My way of working with clients involves seeing them (and myself) as made up of different parts. While we may think that we are unified, coherent personalities, when we pay attention to what is going on inside us we often discover a collection of many different parts, or sub-personalities.
These may include a part of us that criticises or judges us (the inner critic), a vulnerable yes often playful part (the inner child), a part that tries to win approval from others (the pleaser), a part that can feel defeated or powerless (the victim) and many others. These sub-personalities are connected to the idea of archetypes (universal patterns of behaviour and being) developed by psychologist Carl Jung.
But what kind of internal leader do we have who is in charge of these different parts?
According to therapist Stacey Millichamp, in her book Transpersonal Dynamics, our personalities can be compared to political regimes. We may have an internal ‘dictator’ who orders the rest of the psyche to behave in a certain way. These kind of clients tend to be very controlled, even uptight.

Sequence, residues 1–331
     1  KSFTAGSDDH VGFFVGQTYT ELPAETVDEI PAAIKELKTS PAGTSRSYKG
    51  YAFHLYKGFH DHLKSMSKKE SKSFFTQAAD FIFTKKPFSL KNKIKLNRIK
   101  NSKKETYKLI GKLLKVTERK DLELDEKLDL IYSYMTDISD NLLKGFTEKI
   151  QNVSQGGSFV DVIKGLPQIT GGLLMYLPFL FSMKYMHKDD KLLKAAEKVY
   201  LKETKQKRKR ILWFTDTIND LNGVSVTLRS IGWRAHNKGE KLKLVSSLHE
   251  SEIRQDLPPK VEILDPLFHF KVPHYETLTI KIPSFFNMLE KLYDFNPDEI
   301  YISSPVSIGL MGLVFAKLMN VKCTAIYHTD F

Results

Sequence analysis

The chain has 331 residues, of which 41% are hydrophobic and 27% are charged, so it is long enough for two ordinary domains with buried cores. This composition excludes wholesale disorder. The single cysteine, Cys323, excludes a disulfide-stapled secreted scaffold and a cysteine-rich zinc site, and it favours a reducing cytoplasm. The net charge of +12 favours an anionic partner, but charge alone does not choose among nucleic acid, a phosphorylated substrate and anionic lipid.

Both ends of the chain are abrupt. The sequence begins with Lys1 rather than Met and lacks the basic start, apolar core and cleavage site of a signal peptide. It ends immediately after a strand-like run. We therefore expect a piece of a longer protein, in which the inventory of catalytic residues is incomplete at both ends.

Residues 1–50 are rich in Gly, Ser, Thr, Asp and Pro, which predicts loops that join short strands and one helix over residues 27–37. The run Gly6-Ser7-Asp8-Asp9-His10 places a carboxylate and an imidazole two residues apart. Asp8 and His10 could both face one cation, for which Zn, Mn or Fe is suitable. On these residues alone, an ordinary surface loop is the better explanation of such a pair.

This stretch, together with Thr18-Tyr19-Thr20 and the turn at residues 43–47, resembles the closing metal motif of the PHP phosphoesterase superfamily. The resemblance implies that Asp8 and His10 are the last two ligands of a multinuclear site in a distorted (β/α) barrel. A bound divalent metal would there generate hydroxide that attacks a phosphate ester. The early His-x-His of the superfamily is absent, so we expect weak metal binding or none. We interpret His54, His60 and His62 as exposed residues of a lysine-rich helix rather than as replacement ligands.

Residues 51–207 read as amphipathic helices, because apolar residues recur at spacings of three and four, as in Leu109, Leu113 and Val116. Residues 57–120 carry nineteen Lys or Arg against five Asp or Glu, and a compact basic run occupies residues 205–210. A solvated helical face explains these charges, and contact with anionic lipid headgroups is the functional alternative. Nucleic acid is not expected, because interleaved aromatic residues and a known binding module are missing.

Milliband says: “Honesty is suppressed and freedom from the regime must be found through covert, secretive means…[there is a] fear of punishment, disallowing spontaneity and creativity.”
Such clients can be hard to work with because they often keep secrets, fearing that if they are honest in therapy it will be used against them in some way.
A different client may have a fragmented psychological regime in which there is a lack of internal leadership that can create a frightening and chaotic internal world for the person.
Part of the therapist’s role is helping such clients develop a strong internal leader who speaks to them in a firm but compassionate way. Such a leader can allow the difference parts of ourselves to be expressed in an appropriate way.
The internal leader is a bit like having an ally who we can rely on, who is on our side but who will also tell us the truth about ourselves.
So, how do we develop such an internal leader or ally?
According to Milliachamp, there are several ways:
- think about a historical or present day leader who inspires you and describe in detail what you admire about that person
- develop self-talk that is evidence based and encourages getting reality checks about situation’s in your life. This is because often we have fantasy scenarios in our heads that are based on negative ways of seeing the world and our place in it.
- spend time with people who embody the leadership qualities you are seeking. This may be in person but could also include attending workshops or reading books.
The client may also look to their therapist to model positive psychological leadership and I have had clients who have said things like, ‘When I found myself in that situation I heard your voice in my head and that helped me decide what to do.”